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I Was Sexually Abused and No One Did Anything about It

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  • I Was Sexually Abused and No One Did Anything about It

    I am really stuck on the fact that I was sexually abused and no one did anything about it. And over the years my family has distanced themselves from and I from them because I am angry about it all. And then over the years when they were inconsiderate and lied about me, I cussed them out and it drove even more of a wedge. Now I am basically estranged from my family and now that is difficult to deal with and not sure if/how to fix it!

    Suggestions?

  • #2
    Hi Gloria. So often, dealing with our families is one of the biggest hurdles to healing. The sense of betrayal can feel as bad as the betrayal from the abuse itself. Sometimes we have to accept that our families are not capable of being who we deserve them to be. If this is the case it's important to understand what your boundaries are and practice staying committed to them. A therapist or coach can definitely help with this. Good luck to you.

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    • #3
      Unfortunately, or fortunately depending on how you look at it, there are too many of us out here. It took a long time for me to feel comfortable sharing my story in such a big way due to the ethics of self-disclosure. Looking back, I wish I had done it much sooner.

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      • #4
        I'm sorry you're going through such a difficult time right now. I know how difficult it is, how overwhelming it can feel, when you realize everyone around you is even more dysfunctional than you are. The fact that you recognize how "crazy" they are likely says a lot about how you are not. Whatever your struggles are, they can be healed. Don't allow your perceived "craziness" keep you from connecting with positive, healthy people in your life.

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        • #5
          Allowing yourself to feel and move through grief is imperative to having a healthy, happy life. I love how you talked about how years later when you experienced heartbreak, you were able to allow it and move through it. This is a key to healing.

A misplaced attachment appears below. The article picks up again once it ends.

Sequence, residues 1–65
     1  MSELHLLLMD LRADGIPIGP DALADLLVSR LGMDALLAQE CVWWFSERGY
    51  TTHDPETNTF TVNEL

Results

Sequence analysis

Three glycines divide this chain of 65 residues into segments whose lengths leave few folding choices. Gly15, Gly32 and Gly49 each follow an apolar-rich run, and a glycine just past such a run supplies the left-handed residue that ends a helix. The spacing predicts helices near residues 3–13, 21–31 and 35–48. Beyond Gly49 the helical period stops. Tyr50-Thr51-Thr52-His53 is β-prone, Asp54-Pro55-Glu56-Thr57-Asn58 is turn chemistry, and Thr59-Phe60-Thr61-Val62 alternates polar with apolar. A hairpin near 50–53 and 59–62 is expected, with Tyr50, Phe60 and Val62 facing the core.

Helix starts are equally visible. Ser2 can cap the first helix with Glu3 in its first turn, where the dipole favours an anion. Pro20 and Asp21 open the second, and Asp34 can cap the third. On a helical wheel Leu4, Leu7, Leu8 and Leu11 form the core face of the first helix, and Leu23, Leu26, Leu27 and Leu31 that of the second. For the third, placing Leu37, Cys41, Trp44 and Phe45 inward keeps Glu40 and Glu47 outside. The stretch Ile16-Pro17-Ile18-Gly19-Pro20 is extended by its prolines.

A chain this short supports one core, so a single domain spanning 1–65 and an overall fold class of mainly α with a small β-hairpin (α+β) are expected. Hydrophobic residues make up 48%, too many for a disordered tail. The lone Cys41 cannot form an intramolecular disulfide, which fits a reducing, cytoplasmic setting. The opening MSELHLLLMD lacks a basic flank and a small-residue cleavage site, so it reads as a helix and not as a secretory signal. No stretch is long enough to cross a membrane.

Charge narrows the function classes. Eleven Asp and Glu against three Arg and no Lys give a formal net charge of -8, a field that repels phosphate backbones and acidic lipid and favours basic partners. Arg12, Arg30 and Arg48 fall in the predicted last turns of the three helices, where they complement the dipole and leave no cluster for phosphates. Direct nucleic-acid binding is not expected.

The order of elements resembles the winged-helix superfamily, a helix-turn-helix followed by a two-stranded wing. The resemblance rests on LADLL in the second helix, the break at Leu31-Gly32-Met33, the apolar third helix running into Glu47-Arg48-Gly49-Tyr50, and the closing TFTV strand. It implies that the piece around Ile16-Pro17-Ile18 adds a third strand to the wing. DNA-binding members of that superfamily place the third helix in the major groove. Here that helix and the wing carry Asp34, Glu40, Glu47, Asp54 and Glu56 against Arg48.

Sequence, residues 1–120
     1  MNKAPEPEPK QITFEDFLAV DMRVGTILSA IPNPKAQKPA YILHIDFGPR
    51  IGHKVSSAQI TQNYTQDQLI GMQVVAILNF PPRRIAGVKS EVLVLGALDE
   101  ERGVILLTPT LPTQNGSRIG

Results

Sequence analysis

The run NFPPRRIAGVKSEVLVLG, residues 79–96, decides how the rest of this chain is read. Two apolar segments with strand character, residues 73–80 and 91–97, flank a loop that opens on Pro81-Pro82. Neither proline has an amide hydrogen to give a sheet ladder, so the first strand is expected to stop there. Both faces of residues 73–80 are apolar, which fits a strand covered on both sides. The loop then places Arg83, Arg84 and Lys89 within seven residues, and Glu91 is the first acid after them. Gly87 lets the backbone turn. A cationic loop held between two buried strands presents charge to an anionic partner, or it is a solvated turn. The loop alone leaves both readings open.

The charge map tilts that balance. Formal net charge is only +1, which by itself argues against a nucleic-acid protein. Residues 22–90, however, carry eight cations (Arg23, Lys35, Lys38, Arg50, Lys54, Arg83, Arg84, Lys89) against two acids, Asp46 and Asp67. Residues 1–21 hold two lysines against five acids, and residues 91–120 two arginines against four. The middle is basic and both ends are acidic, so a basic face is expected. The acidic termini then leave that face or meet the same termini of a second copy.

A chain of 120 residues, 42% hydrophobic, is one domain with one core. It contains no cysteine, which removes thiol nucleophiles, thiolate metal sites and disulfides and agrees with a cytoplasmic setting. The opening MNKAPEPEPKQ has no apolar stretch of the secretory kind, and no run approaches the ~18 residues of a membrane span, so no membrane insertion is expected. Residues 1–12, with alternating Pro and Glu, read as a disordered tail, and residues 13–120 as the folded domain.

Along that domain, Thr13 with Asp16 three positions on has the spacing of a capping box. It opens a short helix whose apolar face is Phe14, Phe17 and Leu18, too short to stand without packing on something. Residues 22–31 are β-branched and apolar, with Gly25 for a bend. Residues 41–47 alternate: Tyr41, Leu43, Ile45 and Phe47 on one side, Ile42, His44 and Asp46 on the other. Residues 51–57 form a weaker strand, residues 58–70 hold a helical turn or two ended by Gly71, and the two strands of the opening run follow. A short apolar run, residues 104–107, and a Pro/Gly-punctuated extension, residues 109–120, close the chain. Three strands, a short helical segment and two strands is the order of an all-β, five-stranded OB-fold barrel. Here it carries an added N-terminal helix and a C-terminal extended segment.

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          • #6
            Healing on your own is nearly impossible to do. Depending on where you live, there may be low cost or even free counseling available to you. Many communities in the US have rape crisis centers that provide counseling for survivors of childhood abuse. They also provide support groups which are an important part of a healing journey. I woud encourage you to look into those options. They generally have people specifically trained in these issues so can sometimes be an even better alternative to a general therapist in private practice.

            Practicing self-care is a really important step in being able to see yourself differently. While it can be difficult to do on your own, The Courage to Heal is a great book for survivors.

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            • #7
              In the beginning, allowing yourself a moment to believe in the possibility for your healing is a step toward healing. In fact, it's the first and probably most important step. Though it can sometimes take a while to get there.

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              • #8
                Oh, but you are a survivor, Gloria! You may have a lot of healing to do, but you are a survivor. Many therapists have difficult hisotries. I think it can give a helpful perspective in the work. I would just STRONGLY encourage you to make sure you've had your own therapy first so you don't unintentionally create more difficulty for your client.

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